Eight flag football players from USS Nimitz (CVN 68) have made the cut to play in the annual game against the all Army flag football team. Aviation Ordnanceman 1st Class (AW/SW) Donta Willis (Center); Aviation Ordnanceman 1st Class (AW/SW) Donald Childs (Defensive End); Electrician’s Mate 1st Class (SW/AW) Derrick Lewis (Wide Right); Aviation Boatswain’s Mate (Fuels) 2nd Class (AW/SW) James Pullom (Quarter Back); Aviation Ordnanceman Airman Romey Fraizer (Corner Back); Airman Joshua Chisolm (Wide Right); Aviation Boatswain’s Mate (Fuels) Airman Bruce Mathews (Quarter Back); Damage Controlman Fireman Brenner Pantoja (Wide Right) were among 200 Sailors all tried out during the regional try outs held during the last week of September. Fifty people made it through the first cut, and only 25 Sailors made it to the final call-backs to play in the Army vs. Navy game Dec. 3. “Practices started the first week of October,” said Electrician’s Mate 1st Class (SW/AW) Derrick Lewis. “This is the only game we’re going to play together and we really need to gel as a team if we want to win.” Lewis has been playing football from the age of 12 even reaching semi-professional leagues, and is playing against the Army for the fourth year straight. “It’s an honor and a big deal to me to be playing in this game,” said Lewis. “The rivalry between the Army and Navy goes way

back, so everyone takes this seriously. The ship is giving us the week prior to the game off to practice and I know the regional Master Chief will be there and a few Admirals.” Childs points out that preparing for this game takes a lot out of him. “I’ve taken days of leave and put in duty swaps in order to make sure I made it to practice,” said Childs. “The try outs fell on my sixth wedding anniversary and a duty day. It took a lot of explaining to my wife, but once my kids found out, I was set. They like the idea that their dad is still doing something he loves no matter what.” The team has practices every week, with all-day daily practices for the week leading up to the game. “We’ve watched their game films and are really working on specific areas of our game,” said Lewis. “We’ve got a strong quarterback, which is great because the running game doesn’t count for much in flag football. From the films we’ve seen, I don’t think they could stop us if they do man-to-man coverage and we’ve worked on some plays to help us push through if they go to zone defense.” Child says this year’s game is a big deal for Navy, “If we go on to win, that will make three in a row, which is a new record.” To show your support for Nimitz players and the Navy team, bring your best ‘Beat Army’ signs to Silverdale Stadium (Kitsap Fairgrounds) Dec. 3 for the 1 p.m. kickoff.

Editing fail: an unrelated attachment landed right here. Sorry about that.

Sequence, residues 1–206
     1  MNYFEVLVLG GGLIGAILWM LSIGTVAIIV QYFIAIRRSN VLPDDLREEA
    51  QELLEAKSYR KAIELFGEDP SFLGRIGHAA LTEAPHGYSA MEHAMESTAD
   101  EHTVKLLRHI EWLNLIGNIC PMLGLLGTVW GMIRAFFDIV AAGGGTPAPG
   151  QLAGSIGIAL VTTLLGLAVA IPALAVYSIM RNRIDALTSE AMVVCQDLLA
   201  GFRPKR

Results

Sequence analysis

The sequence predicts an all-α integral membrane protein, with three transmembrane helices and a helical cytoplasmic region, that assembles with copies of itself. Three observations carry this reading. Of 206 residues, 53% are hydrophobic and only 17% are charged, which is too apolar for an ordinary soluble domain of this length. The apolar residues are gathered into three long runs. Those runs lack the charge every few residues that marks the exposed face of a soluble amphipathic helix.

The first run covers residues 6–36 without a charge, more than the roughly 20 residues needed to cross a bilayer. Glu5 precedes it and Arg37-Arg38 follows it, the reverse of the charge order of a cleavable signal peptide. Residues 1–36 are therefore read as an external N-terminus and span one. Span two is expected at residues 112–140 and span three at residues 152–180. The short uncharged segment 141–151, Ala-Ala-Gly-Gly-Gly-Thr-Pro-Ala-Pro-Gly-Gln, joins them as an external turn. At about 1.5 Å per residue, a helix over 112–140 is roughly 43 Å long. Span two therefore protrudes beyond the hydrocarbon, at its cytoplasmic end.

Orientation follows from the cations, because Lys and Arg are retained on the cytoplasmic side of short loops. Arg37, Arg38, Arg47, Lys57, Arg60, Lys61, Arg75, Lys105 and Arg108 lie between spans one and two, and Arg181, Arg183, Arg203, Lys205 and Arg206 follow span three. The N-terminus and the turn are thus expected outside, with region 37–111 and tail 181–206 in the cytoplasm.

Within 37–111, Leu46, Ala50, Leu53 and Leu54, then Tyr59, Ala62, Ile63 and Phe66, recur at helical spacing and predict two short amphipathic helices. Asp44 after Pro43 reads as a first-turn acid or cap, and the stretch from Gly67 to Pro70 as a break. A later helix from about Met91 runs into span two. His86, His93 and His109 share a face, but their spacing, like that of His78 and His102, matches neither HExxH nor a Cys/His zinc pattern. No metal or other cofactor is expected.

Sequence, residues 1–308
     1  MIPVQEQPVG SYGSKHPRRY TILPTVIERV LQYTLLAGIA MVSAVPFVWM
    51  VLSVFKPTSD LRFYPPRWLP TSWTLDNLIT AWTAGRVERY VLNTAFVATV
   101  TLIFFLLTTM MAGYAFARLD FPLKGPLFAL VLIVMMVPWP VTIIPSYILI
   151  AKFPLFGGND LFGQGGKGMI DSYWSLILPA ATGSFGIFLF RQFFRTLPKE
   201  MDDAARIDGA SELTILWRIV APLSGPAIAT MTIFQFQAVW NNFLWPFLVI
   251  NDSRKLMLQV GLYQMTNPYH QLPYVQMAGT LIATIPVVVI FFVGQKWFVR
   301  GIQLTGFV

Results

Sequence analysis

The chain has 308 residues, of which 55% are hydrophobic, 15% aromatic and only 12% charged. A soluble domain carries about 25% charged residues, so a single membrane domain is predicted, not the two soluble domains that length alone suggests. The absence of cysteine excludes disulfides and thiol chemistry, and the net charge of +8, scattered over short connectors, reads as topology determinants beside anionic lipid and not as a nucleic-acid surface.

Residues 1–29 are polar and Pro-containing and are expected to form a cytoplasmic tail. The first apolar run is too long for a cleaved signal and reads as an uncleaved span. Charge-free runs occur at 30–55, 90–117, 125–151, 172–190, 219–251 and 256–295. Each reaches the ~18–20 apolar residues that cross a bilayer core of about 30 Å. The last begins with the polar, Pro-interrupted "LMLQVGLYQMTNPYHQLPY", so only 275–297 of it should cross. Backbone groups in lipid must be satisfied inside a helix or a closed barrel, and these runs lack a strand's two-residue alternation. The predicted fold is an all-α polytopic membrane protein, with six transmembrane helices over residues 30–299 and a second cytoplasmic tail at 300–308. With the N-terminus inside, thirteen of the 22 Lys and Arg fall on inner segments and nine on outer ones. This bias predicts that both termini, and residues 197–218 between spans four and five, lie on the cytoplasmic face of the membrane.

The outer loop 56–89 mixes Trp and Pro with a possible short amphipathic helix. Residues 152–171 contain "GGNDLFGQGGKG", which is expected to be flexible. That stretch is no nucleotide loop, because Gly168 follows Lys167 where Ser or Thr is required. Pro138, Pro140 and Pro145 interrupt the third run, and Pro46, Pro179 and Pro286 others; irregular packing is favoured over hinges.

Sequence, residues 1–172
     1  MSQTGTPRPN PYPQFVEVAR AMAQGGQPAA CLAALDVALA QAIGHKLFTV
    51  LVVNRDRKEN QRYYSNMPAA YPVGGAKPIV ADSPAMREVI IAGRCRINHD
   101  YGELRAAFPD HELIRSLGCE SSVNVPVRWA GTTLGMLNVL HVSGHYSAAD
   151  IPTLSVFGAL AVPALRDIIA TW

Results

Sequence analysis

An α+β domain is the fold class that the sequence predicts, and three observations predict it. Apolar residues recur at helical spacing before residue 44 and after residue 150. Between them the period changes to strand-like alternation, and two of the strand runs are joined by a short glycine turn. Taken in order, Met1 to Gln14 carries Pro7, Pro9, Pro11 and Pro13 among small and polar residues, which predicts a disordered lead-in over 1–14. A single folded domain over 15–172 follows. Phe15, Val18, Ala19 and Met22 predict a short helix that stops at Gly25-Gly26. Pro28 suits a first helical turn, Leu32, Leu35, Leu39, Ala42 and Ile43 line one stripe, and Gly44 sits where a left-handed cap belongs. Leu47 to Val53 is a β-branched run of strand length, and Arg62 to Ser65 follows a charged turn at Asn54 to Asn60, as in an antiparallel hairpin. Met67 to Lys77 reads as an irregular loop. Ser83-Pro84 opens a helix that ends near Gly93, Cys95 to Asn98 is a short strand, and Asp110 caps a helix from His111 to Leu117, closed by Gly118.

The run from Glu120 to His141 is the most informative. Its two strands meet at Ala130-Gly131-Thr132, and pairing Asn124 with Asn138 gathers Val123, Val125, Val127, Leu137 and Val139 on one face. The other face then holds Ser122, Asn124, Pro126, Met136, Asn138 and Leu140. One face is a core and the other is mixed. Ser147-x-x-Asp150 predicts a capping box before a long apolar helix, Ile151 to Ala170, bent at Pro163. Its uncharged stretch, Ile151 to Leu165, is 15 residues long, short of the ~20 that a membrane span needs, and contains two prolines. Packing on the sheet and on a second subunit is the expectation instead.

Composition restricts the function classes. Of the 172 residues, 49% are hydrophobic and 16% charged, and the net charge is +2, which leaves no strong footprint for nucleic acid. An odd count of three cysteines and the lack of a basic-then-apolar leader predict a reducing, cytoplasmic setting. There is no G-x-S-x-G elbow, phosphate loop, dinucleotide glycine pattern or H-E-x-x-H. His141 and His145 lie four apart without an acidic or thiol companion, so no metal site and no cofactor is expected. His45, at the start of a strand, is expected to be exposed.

INDOC: Sailors develop leadership, new skills as they put on new rank Continued from Page 1

Sailors listen to lessons on how to take charge of thier new paygrades during Petty Officer Indoctrination.

Master Chief Electronics Technician Roy Jackson, Reactor Control Division’s leading chief petty officer, believes that the big thing to take out of the class is networking. “INDOC helps to better inform and fully train Sailors and introduce them to their peers,” said Jackson. “This networking is a key to be successful. No one person is an expert, but they should be able to find someone who is.” Aviation Boatswain’s Mate (Equipment) 2nd Class (select) Nathanael Hernandez hopes to get more than textbook leadership out of the class. “I want to be able to inspire my junior Sailors to do their best,” said Hernandez. “I think that’s the sign of a good leader.” Sailors who graduate this course are scheduled to be frocked to their new ranks this afternoon in the Naval Base KitsapBremerton gymnasium.


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Nimitz News - November 23, 2011  

Weekly publication of the aircraft carrier USS NIMITZ (CVN 68)